ElektraA_4.jpg
Elektra: Assassin Interior Art by Bill Sienkiewicz

Sienkiewicz’s work is especially impressive when portraying the baffled, horny, angry plight of Garrett, who is boggled by Elektra’s physical and mental manipulations. Like Steadman, Sienkiewicz has a talent for grotesqueries that reveal character, and his art is as agile as, well, a ninja assassin. He moves from photorealism to surrealism within the same page, sometimes the same panel, all to serve the story while giving the reader a maximum visual feast.

Miller and Sienkiewicz also use negative space and text without illustration to great effect, creating one horrifying and darkly funny scene. The following lines lie against black panels, as Garrett starts to realize he just might be in a spot of trouble:

“—A SOUNDS THAT BELONGS IN A BUTCHER SHOP—”
“—I TELL MY FINGER TO PULL THE TRIGGER AGAIN—”
“—BUT MY GUN JUST FALLS TO THE FLOOR—”
“—AND EVEN THOUGH I’M STILL STANDING—”
“—THE GUN IS STILL IN MY HAND—”
“—OH JESUS—”

That’s a helluva creative way to show, but not show, Elektra chopping off Garrett’s hand, soon to be followed by his other appendages. By letting Garrett narrate the event in the dark (literally and figuratively) the reader experiences his shock and revulsion, too.

ElektraA_2.jpg
Elektra: Assassin Interior Art by Bill Sienkiewicz

In fact, this dismemberment is pretty much the meet cute for Elektra and Garrett; one of this series’ many satirical targets is the romantic comedy. Garrett starts the series as a caricature of misogynist, hard-boiled, thinking-with-his-gun government goons, but he proves far less malicious than the government that employs him and reads his brain implants. Elektra, in blowing up Garrett’s body (literally) and getting into his mind (also literally), helps him become a better man fighting for a better cause. As the bizarre plot thickens, you can’t help but root for this cyborg maniac and ninja assassin to kill the incoming president and live happily ever after (while killing lots of other people, presumably).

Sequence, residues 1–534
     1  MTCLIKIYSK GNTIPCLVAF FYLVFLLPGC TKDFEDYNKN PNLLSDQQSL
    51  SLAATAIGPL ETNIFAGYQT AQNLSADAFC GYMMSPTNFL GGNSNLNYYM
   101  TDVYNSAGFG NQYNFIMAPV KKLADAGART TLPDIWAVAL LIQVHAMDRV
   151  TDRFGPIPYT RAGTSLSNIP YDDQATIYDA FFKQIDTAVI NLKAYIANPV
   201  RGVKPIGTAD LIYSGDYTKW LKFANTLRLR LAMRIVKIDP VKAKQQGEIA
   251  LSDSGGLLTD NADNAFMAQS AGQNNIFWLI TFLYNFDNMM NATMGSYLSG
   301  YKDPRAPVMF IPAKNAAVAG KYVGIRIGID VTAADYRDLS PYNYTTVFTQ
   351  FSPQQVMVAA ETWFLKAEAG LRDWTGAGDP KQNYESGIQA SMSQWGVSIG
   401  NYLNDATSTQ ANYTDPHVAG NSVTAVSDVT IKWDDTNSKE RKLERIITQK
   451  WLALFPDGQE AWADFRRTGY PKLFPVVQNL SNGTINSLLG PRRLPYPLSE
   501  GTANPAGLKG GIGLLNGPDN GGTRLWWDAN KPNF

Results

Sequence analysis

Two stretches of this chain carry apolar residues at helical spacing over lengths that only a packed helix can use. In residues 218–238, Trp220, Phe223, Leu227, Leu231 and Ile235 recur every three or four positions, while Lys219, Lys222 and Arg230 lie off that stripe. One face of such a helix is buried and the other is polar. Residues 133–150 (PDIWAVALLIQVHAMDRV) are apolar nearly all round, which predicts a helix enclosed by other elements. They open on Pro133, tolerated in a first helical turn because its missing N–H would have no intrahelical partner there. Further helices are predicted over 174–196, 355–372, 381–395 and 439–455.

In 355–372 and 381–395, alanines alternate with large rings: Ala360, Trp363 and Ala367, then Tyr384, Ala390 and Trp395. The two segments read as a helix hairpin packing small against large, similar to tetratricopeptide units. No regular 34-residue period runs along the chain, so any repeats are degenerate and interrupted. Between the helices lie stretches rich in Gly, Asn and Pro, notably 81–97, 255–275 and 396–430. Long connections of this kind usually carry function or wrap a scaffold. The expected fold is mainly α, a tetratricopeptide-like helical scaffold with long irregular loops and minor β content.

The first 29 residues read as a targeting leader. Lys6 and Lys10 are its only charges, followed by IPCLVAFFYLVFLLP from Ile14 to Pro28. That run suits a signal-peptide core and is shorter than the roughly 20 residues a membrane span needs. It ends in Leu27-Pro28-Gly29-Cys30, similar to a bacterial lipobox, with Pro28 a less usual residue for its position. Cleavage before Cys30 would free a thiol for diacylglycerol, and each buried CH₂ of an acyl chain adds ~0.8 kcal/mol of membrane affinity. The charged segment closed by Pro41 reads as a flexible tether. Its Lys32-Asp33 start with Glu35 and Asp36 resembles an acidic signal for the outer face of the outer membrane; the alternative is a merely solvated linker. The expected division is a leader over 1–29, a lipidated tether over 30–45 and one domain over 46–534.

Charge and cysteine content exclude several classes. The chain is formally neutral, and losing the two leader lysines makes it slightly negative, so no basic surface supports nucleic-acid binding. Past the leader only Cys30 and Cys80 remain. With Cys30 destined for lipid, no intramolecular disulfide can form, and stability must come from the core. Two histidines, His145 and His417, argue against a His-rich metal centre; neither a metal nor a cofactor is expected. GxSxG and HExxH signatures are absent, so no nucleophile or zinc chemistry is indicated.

Elektra: Assassin was ahead of its time in many ways. Today, comics companies are finally embracing female fans and giving the spotlight to female heroes—but back in 1986, there weren’t many female-centric series, and Elektra was merely Matt Murdock’s ninja ex-girlfriend. This series changed that, giving her the spotlight in a major way. Elektra was also no mere bland hero, but a trained assassin. Anti-hero mania had just begun to hit comics and popular culture, but here was a murderous protagonist far removed from the simplistic morality of the spandex crowd. The sheer inventiveness and downright weirdness of this maxi-series were also uncommon in the 1980s: this feels more like a current Image comic than something from the days of Ronald Reagan and notoriously conservative former Marvel Editor-in-Chief Jim Shooter.

The Dark Knight Returns and Watchmen came out in 1986 too, so it’s no wonder Elektra: Assassin gets lost in the shuffle when classic comic lists are compiled. But given the biting political satire from Frank Miller, and Bill Sienkiewicz’s uniquely expressionistic art, it’s arguable that Elektra: Assassin is the most currently relevant of the three. It’s also practical—we could avoid a lot of problems if all presidential candidates had to pass a Rotten Mayo Smell Test.

ShareTweetSubmitPinMore